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Recursion is a new practice for me and I am trying to get better at it and understand how the methods return. I have the following program but am unfailiar with how to use the this keyword. Can you please review the code and walk me through the program showing the values held by the variables as the methods execute?

I have tried numerous things to determine how the value answer in the compute method holds 14 after execution can anyone walk me through the first few recursive calls so I can try and figure out the rest?

public class Recurs1 {
    public static void main (String [] arg) {
        Recurs1 r = new Recurs1();

    public void compute() {
        int [] stuff = {1, 2, 3, 4};
        int answer = this.go(stuff, 0);
        System.out.println("The answer is " + answer);

    private int go(int[] numbers, int spot) {
        if (numbers.length == spot) return spot;
        int value = this.go(numbers, spot + 1 ); 
        return value + numbers[spot];

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Why don't you give it a try first and let us know how you do? In particular, if you struggle or don't understand the results you get you can ask a specific question. – Mark Peters Nov 7 '11 at 4:29
Sounds like a perfect time to start learning how to use a debugger. Otherwise this just smells like homework. – Matt Ball Nov 7 '11 at 4:30
Also, what is your confusion with using this in this context? You can omit the keyword here and it will be functionally and semantically equivalent. – Mark Peters Nov 7 '11 at 4:33
The return value of go(stuff, 0); is 14. Should it be 10? – Bringer128 Nov 7 '11 at 4:36
I always encourage people to "play computer" with some paper and a pencil, particularly when struggling through recursion. You can even use a small array, like with two or three elements. Just write down every single step the program is taking, indent what you write to show recursion depth, etc. It pays off in the long run. – Dave Newton Nov 7 '11 at 4:36

Ok so a few things I notice here:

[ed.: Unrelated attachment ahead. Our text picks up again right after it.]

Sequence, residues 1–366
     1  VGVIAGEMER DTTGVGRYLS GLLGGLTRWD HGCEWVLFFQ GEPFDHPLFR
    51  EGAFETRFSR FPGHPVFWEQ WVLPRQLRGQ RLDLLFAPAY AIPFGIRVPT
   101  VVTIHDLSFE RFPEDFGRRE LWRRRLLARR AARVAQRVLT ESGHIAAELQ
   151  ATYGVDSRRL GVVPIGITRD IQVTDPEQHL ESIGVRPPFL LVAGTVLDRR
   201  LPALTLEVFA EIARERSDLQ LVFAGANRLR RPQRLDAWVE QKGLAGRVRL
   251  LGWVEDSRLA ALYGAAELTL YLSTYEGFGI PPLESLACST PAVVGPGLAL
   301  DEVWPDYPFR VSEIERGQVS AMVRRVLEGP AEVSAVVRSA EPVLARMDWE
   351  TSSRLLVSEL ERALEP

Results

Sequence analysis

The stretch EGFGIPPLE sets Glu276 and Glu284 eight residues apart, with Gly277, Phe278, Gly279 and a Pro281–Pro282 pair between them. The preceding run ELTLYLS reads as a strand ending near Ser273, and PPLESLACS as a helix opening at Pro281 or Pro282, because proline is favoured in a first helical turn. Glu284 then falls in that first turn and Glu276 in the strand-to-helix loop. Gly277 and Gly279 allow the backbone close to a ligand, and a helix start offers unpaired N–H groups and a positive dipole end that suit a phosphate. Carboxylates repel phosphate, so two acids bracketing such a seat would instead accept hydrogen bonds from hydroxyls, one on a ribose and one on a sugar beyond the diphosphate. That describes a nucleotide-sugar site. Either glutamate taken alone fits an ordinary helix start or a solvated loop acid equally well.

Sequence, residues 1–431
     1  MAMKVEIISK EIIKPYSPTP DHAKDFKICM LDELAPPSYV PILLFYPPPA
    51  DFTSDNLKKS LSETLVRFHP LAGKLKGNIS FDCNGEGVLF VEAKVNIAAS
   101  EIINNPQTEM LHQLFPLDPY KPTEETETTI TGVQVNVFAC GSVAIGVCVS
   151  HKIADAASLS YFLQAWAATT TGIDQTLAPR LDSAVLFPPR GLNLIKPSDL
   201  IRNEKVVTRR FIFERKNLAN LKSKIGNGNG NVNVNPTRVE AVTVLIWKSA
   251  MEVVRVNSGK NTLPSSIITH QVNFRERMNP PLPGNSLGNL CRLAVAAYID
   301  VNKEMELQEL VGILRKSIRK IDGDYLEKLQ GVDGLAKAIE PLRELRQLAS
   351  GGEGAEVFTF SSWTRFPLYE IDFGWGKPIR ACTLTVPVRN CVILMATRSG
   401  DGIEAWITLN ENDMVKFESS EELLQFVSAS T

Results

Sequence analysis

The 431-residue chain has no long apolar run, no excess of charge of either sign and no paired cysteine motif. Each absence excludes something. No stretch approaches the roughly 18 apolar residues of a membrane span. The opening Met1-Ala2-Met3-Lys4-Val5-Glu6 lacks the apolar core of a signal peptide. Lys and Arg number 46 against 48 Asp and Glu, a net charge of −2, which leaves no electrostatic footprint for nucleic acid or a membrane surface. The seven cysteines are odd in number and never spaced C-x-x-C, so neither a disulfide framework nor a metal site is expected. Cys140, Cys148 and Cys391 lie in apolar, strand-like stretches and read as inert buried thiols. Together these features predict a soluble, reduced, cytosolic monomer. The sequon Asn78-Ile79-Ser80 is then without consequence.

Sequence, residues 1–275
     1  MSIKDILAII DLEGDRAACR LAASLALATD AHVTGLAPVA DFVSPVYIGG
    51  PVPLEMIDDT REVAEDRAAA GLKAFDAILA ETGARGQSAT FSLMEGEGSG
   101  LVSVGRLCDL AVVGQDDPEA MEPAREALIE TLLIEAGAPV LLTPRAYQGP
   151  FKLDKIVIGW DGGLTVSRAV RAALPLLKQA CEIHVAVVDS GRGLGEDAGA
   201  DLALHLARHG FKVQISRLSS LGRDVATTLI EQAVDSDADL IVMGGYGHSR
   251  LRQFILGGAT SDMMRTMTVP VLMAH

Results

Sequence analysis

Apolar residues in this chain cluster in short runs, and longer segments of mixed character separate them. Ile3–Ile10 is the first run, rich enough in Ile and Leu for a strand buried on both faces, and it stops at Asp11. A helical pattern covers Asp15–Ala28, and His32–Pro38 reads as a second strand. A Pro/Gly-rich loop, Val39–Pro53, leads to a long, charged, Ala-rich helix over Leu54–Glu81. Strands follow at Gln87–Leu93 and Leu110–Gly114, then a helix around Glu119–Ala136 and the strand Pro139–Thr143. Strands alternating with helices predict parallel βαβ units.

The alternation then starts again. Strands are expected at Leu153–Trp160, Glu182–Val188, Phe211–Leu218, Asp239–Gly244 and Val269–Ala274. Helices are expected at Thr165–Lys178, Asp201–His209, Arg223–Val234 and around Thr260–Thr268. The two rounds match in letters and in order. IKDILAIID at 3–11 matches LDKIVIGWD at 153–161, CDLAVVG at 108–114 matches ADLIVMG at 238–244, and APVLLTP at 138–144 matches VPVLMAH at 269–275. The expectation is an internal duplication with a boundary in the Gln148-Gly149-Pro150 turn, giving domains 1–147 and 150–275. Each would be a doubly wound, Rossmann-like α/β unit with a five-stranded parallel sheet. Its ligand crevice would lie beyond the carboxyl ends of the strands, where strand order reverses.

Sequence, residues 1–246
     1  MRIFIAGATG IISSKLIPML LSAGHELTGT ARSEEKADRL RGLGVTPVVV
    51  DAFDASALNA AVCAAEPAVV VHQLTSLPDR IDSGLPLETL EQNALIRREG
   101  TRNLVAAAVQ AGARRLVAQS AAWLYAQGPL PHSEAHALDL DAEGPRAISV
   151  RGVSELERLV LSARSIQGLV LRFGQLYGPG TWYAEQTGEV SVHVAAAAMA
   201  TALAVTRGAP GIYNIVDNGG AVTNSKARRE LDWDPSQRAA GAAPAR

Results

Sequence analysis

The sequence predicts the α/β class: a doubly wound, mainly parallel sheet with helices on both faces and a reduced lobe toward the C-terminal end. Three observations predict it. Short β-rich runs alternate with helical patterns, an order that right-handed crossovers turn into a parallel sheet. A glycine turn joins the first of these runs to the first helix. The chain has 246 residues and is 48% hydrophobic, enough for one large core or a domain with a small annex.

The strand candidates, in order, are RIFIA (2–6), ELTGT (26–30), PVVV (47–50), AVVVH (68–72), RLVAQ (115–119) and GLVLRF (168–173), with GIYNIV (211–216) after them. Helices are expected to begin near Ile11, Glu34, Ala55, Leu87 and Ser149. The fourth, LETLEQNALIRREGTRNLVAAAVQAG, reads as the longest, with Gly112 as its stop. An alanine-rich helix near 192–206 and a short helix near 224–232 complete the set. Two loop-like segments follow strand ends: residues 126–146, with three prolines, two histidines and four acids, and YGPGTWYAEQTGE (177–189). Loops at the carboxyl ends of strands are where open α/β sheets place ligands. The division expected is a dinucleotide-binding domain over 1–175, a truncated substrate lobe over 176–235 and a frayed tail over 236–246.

The purpose of go() seems to be calculating the sum of the numbers in the array. If this is the case, your method should look like this:

private int go(int[] numbers, int spot) {
        if (numbers.length - 1 == spot) return numbers[spot];
        int value = this.go(numbers, spot + 1 ); 
        return value + numbers[spot];

This is because numbers.length in this case will return 4, but the last element in this array is at index 3 (arrays are 0-indexed).

This way, when the function is called with the second parameter set to 3, it will return the value of the last element in the array and then the code will "bubble up" (as I like to call it) and calculate the sum of the elements by subsequently returning the current summed value + the value of the current call.

As for your problem with the this keyword, it's actually very simple. this always refers to the current class instance your code is in. In this case, you create a Recurs1 instance called r in your main function so whenever you call a method on that particular object, the this keyword used in those methods will refer to r. If you created multiple Recurs1 objects (each with potential different internal states) in your program, their respective this references would always point to themselves allowing you to access their member variables and methods.

Hope that helps and good luck, recursion is usually what most people have trouble getting their heads around at first but once you get used to it it's pretty cool!

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OK so this is not an answer to your question per se, more like a lesson in recursion.

Keep in mind I have never tried to to do this with a java class.

Recursion means a function that calls itself repeatedly until a answer has been reached, or your function detects you are running out of stack space.

You first step into the function determines if you will call yourself.

When you call yourself you will push a new copy of the data onto the stack and begin executing. I think in the case of java you will allocate a new object into the heap ( don't quote me on this ) and each invocation will have a new set of variables that get populated with new values.

As you recurse deeper and deeper you simply allocate new copies of the object until you find the answer or run out of memory.

If you find the answer you then return the result to the previous level in the stack of objects eg:

int foo(int i ){
  if(some condition){ 
   return foo(i);
  } else
   return i  

as You can see if the condition tests true the foo() keeps getting called. Now at each call, the variables of foo() are saved for as many levels deep as you go. If the condition tests false then each instance of foo() returns to the previous until you are at the original invocation of foo() which then returns to the caller of foo().

Clear as Mud?

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